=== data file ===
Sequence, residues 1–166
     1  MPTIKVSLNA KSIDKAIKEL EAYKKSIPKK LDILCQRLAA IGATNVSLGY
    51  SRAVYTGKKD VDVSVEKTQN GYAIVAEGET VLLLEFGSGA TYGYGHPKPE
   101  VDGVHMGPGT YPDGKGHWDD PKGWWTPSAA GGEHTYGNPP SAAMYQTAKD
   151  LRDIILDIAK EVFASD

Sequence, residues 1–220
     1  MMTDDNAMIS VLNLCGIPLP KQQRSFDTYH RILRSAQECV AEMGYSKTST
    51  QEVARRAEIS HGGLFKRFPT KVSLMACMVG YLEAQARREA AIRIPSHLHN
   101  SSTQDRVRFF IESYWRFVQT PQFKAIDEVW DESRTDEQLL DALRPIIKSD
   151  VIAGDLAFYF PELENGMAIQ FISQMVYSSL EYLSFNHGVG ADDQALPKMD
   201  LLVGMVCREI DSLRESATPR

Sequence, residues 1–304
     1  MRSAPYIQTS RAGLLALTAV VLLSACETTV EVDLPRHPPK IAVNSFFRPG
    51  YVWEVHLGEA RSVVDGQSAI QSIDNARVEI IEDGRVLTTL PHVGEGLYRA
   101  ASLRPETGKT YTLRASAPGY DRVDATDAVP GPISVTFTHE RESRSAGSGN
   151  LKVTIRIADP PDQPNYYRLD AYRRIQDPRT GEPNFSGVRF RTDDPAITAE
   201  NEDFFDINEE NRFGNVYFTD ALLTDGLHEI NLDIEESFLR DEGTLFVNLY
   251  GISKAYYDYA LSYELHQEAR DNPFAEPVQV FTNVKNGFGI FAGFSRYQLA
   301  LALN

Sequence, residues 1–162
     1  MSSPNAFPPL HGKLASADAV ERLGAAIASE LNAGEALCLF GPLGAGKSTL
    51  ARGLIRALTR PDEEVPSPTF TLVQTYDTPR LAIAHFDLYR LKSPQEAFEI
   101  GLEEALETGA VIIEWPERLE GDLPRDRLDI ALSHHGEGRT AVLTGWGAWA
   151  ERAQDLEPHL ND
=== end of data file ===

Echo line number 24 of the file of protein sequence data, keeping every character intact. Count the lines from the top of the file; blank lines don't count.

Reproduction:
   151  ERAQDLEPHL ND